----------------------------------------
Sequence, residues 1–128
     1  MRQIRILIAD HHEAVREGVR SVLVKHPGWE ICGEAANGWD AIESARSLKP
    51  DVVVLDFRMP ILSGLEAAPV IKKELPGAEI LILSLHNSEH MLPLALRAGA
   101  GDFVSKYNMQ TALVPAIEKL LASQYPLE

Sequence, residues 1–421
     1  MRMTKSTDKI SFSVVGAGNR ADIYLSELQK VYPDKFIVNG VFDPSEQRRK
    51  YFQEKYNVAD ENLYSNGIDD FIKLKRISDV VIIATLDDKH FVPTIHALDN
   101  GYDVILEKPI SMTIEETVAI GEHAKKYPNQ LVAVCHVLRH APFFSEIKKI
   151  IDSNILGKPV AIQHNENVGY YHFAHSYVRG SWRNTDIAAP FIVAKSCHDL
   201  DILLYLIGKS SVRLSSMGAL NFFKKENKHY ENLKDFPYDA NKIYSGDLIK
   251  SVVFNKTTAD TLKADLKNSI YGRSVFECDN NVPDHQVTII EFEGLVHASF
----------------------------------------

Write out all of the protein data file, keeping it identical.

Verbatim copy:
Sequence, residues 1–128
     1  MRQIRILIAD HHEAVREGVR SVLVKHPGWE ICGEAANGWD AIESARSLKP
    51  DVVVLDFRMP ILSGLEAAPV IKKELPGAEI LILSLHNSEH MLPLALRAGA
   101  GDFVSKYNMQ TALVPAIEKL LASQYPLE

Sequence, residues 1–421
     1  MRMTKSTDKI SFSVVGAGNR ADIYLSELQK VYPDKFIVNG VFDPSEQRRK
    51  YFQEKYNVAD ENLYSNGIDD FIKLKRISDV VIIATLDDKH FVPTIHALDN
   101  GYDVILEKPI SMTIEETVAI GEHAKKYPNQ LVAVCHVLRH APFFSEIKKI
   151  IDSNILGKPV AIQHNENVGY YHFAHSYVRG SWRNTDIAAP FIVAKSCHDL
   201  DILLYLIGKS SVRLSSMGAL NFFKKENKHY ENLKDFPYDA NKIYSGDLIK
   251  SVVFNKTTAD TLKADLKNSI YGRSVFECDN NVPDHQVTII EFEGLVHASF